The BBC’s The One Show is meant to make you cringe. It’s the show’s ‘unique selling point’. It’s doubtful that whichever Tory staffer or adviser arranged Theresa May’s appearance with her husband on tonight’s broadcast meant that to be increased by their participation.
If they had kept it to 5 minutes, they might just have got away with it. Unfortunately, by putting them on view for pretty much the whole half hour, however, someone at CCHQ made an enormous mistake.
For those first five minutes, May just about pulled off presenting herself as more human than her usual political persona – but after that it was downhill fast.
Even the first five minutes were not unproblematic for the Tory leader, though. A huge part of Jeremy Corbyn’s appeal is his authenticity – put him on the sofa even in so twee a setting and he would be the same as he is in his political campaigning. He’s the same all the way through – and he’s not acting, he just is.
May also made the mistake of laughing normally at some inane comment from the hosts – but that only showed how fake and embarrassing was her attempt to ‘laugh off’ the points that Corbyn scored off her weekly in PMQs:
The fact that Theresa May was – to a limited extent – different from what we usually see simply suggests inauthenticity. So if the point of tonight’s appearance was to make her appear more human and engaging, it failed. It made her appear less real – and even less trustworthy than she already was.
As the show progressed, the utter remoteness of May’s life experience and worldview couldn’t help but appear. Some examples:
- when asked to discuss fashion, her anecdote was that a woman in a lift once told her that May’s designer shoes had got her into politics – she didn’t name the woman, which is probably just as well, as it’s hard to imagine a more facile motivation
- much was made of May’s childhood in a vicarage, but Philip let slip that she met ‘everyone in the village’, showing that May’s father was no inner-city vicar and that she enjoyed a cossetted upbringing indeed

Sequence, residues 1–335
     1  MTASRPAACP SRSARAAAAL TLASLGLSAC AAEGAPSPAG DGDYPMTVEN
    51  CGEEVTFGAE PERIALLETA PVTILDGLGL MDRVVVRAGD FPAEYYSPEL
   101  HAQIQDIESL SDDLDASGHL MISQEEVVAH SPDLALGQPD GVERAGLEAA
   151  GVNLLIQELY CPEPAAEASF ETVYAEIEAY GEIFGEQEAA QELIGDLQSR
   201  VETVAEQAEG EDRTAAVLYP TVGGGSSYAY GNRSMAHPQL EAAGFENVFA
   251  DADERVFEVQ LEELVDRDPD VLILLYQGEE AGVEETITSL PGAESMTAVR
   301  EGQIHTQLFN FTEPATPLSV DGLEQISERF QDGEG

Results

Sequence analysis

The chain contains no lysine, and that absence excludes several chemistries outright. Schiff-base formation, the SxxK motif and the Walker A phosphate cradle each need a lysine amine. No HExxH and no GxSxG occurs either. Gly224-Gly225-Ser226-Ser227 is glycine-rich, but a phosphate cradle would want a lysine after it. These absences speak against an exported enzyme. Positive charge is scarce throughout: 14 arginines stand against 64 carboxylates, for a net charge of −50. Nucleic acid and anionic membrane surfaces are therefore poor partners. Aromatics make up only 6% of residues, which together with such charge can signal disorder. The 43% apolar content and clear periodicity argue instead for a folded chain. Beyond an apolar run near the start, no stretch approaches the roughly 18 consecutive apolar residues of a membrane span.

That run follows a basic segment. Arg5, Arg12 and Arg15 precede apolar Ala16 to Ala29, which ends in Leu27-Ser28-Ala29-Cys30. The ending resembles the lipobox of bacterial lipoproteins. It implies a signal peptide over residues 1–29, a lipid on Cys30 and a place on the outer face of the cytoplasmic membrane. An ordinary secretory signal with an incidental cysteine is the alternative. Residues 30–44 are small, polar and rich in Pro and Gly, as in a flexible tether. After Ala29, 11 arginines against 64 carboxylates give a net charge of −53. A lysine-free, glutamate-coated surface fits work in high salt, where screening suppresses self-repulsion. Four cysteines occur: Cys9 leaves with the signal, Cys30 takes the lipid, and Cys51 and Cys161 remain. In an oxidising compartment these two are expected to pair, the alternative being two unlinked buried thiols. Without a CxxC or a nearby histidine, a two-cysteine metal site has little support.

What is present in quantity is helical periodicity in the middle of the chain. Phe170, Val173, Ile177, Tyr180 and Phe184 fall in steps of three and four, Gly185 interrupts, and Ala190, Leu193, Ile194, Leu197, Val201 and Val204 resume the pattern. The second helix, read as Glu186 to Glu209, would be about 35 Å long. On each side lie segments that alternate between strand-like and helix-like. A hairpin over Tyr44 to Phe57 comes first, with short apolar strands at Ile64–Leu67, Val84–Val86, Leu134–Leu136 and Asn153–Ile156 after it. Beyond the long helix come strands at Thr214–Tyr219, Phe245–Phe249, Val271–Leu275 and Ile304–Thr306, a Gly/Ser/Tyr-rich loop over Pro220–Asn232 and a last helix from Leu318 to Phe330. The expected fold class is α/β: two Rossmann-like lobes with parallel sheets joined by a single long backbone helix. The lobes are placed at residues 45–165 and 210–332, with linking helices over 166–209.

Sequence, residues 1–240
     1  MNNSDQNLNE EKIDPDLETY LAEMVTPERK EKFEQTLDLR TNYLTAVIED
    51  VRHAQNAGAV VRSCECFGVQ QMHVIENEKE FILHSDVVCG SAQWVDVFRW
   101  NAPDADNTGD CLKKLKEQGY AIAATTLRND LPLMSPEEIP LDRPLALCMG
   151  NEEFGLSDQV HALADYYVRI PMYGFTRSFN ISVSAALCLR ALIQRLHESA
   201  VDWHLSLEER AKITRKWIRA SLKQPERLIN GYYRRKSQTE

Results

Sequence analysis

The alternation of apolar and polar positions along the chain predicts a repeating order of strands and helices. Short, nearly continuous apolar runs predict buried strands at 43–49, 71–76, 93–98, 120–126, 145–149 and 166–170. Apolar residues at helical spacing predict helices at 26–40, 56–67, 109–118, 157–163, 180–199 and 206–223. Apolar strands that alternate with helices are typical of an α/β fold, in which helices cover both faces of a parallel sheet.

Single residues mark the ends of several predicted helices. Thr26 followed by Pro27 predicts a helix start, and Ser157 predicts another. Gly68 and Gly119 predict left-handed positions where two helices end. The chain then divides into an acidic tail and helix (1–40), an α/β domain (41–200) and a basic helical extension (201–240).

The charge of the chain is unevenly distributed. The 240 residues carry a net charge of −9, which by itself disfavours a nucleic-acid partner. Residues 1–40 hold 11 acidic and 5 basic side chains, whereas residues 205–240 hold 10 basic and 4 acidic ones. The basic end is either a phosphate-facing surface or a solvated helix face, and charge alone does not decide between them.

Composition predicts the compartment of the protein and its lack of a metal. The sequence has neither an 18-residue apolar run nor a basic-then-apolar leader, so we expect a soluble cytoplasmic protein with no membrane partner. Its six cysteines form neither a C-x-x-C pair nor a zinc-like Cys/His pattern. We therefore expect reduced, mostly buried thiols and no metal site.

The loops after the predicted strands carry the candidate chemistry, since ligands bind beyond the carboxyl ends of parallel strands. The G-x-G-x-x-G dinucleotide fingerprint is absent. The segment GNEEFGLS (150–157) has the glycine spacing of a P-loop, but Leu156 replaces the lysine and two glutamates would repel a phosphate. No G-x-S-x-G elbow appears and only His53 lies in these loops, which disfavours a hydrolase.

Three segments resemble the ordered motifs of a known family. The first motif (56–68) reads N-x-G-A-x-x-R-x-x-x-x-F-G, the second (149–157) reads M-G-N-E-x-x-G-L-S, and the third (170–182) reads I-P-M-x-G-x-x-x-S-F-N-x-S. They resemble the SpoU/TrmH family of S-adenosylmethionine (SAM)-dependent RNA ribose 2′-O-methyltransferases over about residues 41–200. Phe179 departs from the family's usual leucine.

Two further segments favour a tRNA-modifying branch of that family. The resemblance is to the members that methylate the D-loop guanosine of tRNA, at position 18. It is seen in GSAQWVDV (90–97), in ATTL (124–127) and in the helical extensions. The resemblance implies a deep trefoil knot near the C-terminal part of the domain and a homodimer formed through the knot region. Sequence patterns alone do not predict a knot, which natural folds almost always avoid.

- when asked why she had entered politics, May confessed that she’d wanted to be an MP since she was a child. What kind of child wants to be an MP?!
The studio was specially set up for May’s appearance, presumably to hide angry protestors the show must have been expecting. As a Twitter user pointed out, the studio windows normally allow a view to the street outside:
But for May’s visit, they had been blocked off:
Similarly, almost every question was the equivalent of underarm ‘dolly pat’ bowling to a child – but even in this ‘climate-controlled’ setting, May’s brittle snappiness showed as soon as a question was even slightly probing.
Ironically, the moment at which the attempt to humanise May disappeared well and truly down the toilet was when the producers were trying to lay it on thickest – with a series of photographs and video footage of the young Mays. The pair met at Oxford University and a black-and-white image of the two of them set an unsettling tone:
Anyone can take a bad picture, but the expression and the cast of the features drip privilege and a sense of entitlement – and there’s an almost sinister undertone that foreshadows the vicar’s daughter who’d be ‘intensely relaxed’ about making changes (as Home Secretary) designed to intrude on the privacy of UK citizens, about routinely lying to Parliament about NHS spending, about overseeing cuts and law-changes that deprive millions of citizens of vital rights and essential support.
Mr May’s presence was clearly intended to soften May’s presence, but the show’s producers showed him as a typical young Tory at a Thatcher-led Conservative Party conference in the 80s:
And when May was asked about his fashion sense, he answered ‘Well, I like ties and jackets’.
Philip May is now an investment banker married to a Tory prime minister. This is anything but a ‘normal’ couple and their experience and interests are light-years distant from that of the people that their party damages every time it’s in government.
The final nail in the coffin of the attempted humanisation of Theresa May was that she couldn’t help falling into the nonsensical soundbites she’s been widely mocked for parroting to absurdity.
‘Strong and stable’ made an appearance twice. The ‘me myself and I’ theme of May’s campaign surfaced again. But the lowest point came when she claimed,
I think it’s important that I’m open with [people] and tell it as it is.
The last vapours of pretence that this was Theresa May ‘keeping it real’ evaporated with that statement.
Here’s Theresa May ‘telling it as it is’ in response to Andrew Marr’s questioning earlier this year whether she knew about failed Trident tests during the parliamentary debate on the renewal of the nuclear missile system:
And here she is answering Marr on why nurses – whose pay has been capped since the Tories entered Downing Street – are having to use Foodbanks:
May’s claim, with a straight face, that she is known for telling it like it is put beyond any doubt the fact that this was nothing more than a performance, with all the artificiality that word suggests.
The attempt by May’s campaign handlers to humanise her and show her as a real live human being rather than a classic, self-obsessed, Establishment politician ‘crashed and burned’ so badly that it incinerated itself into ashes.
The mainstream media are now trying to spin this car crash as a success. Share this so the public see it for what it was.
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